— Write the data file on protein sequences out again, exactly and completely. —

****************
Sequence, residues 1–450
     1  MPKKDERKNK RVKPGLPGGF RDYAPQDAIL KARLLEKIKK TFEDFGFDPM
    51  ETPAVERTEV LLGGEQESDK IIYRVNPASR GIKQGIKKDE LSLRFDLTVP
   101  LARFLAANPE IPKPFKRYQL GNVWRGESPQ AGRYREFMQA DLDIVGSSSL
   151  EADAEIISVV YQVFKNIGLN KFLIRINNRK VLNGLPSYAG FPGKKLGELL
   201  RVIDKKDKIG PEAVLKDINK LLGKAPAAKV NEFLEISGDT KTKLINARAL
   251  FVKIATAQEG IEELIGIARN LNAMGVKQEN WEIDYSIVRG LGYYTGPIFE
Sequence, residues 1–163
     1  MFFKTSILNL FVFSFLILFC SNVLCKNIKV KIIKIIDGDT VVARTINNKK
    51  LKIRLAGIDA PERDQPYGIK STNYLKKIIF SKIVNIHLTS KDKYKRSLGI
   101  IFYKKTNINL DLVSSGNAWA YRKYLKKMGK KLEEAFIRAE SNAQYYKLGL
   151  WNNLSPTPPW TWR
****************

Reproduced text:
Sequence, residues 1–450
     1  MPKKDERKNK RVKPGLPGGF RDYAPQDAIL KARLLEKIKK TFEDFGFDPM
    51  ETPAVERTEV LLGGEQESDK IIYRVNPASR GIKQGIKKDE LSLRFDLTVP
   101  LARFLAANPE IPKPFKRYQL GNVWRGESPQ AGRYREFMQA DLDIVGSSSL
   151  EADAEIISVV YQVFKNIGLN KFLIRINNRK VLNGLPSYAG FPGKKLGELL
   201  RVIDKKDKIG PEAVLKDINK LLGKAPAAKV NEFLEISGDT KTKLINARAL
   251  FVKIATAQEG IEELIGIARN LNAMGVKQEN WEIDYSIVRG LGYYTGPIFE
Sequence, residues 1–163
     1  MFFKTSILNL FVFSFLILFC SNVLCKNIKV KIIKIIDGDT VVARTINNKK
    51  LKIRLAGIDA PERDQPYGIK STNYLKKIIF SKIVNIHLTS KDKYKRSLGI
   101  IFYKKTNINL DLVSSGNAWA YRKYLKKMGK KLEEAFIRAE SNAQYYKLGL
   151  WNNLSPTPPW TWR